DailyPost 2026

One war which rages all the time is a Cyber War, for a variety of reasons between countries in a multifarious manner; from propaganda, to meddling in internal issues, to theft of intellectual property and the list goes on. It can be as exhaustive as the cyber world itself. For the odd situation of an all-out war, the Cyber War takes the role of providing supporting fire, in areas where either the conventional war is of no use, or this would be turn out to be much more effective in debilitating the enemy, than the visible damage, effort and spending on a conventional war mode. Given the nature of critical infrastructure today, cyber war or attacks are very effective.

The IT backbone itself is the most critical, bringing it down, leading to internet outage or severing of service makes a serious impact on large number activities. Besides that, it sends a clear message to the enemy that they have superiority even in this new theatre of war. Secondly, the functioning of the critical infrastructure of the enemy nation is at risk. All critical infrastructure which literally run the nation, have at their backend critical information infrastructure. Any effective cyber-attack on it, can make the concerned critical infra non-operational; without any conspicuous damage. Cyber armies and added to that non-state actors take on to the cyber battlefield, to help support conventional war effort. The current Russia – Ukraine war is no different. Russia by now is an old grandmaster in this game.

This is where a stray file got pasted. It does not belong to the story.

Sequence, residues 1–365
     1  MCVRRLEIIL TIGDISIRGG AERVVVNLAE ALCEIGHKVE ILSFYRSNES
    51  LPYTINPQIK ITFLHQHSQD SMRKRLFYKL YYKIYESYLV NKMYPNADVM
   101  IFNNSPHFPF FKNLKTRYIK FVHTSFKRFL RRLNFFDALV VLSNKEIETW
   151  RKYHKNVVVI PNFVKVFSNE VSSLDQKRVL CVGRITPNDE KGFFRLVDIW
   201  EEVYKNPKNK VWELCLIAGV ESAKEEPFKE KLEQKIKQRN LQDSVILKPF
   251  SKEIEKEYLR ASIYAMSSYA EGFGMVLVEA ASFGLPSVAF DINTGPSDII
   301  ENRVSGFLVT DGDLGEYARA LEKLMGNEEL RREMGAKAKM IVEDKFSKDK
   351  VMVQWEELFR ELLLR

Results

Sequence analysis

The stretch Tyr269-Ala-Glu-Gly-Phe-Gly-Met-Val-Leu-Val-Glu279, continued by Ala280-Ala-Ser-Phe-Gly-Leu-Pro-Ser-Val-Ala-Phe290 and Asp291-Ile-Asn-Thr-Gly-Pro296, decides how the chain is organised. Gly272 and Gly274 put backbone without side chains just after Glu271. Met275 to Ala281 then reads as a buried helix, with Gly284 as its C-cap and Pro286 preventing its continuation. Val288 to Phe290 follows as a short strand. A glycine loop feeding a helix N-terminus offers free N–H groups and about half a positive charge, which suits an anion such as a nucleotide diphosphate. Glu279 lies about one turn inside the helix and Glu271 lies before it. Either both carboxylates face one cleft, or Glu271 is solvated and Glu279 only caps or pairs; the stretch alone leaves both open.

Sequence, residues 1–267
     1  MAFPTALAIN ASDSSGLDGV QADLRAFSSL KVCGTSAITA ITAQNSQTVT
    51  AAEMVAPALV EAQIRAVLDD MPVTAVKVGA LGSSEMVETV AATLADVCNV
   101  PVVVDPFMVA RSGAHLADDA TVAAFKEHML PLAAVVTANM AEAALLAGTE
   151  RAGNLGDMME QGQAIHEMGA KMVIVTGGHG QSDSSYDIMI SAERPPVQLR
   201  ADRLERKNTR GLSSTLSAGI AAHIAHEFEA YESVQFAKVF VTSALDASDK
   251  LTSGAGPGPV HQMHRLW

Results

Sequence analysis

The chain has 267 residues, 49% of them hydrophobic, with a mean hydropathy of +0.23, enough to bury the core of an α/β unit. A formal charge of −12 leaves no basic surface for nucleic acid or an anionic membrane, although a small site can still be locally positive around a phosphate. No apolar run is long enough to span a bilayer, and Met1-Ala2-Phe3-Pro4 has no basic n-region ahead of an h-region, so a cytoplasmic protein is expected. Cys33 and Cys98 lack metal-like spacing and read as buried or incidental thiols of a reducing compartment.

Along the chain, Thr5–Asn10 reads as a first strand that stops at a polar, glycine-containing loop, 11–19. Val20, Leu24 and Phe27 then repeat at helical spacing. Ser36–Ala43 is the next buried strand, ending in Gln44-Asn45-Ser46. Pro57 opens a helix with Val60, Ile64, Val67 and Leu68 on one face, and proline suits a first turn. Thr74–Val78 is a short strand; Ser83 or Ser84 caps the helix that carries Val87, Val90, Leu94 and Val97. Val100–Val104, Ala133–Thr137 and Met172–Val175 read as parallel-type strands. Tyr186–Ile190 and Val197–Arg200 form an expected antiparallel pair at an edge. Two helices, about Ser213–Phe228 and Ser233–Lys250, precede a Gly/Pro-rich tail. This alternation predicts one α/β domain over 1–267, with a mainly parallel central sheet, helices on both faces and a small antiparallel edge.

Ukraine has faced regional internet outages even extending up to a week. This was also an act of war. Europe had earlier faced a massive internet outage as a consequence of this war. And now the Russian cyber offensive is becoming more blatant. Russian hackers have tried attacking Ukraine’s power grid with Industroyer2 malware. The Computer Emergency Response Team of Ukraine, (CERT-UA) has informed the world that it has been successful in thwarting a cyber-attack by Sandworm. Sandworm is a hacking group affiliated to Russia’s Military Intelligence. They were trying to sabotage the operations of an unnamed energy provider in the country.

An official statement said, ”the attackers attempted to take down several infrastructure components of their target, namely: Electrical substations, Windows operated computing systems, Linux-operated computing server equipment and active network equipment.” The attempted intrusion involved the use of ICS-capable malware and regular disk wipers. The adversary had unleashed an updated variant of the Industroyer malware. This malware was first used in a 2016 assault on Ukraine’s power grid. Besides using the Industroyer2, Sandworm used several destructive malware families including CaddyWiper, OrcShred, SoloShred, and AwfulShred. The attack has happened in two waves, first coinciding with the Russian invasion of Ukraine and second in April that allowed the attackers to upload Industroyer2, also known CrashOverride,” which happens to be the biggest threat to industrial control systems since Stuxnet.

Sanjay Sahay

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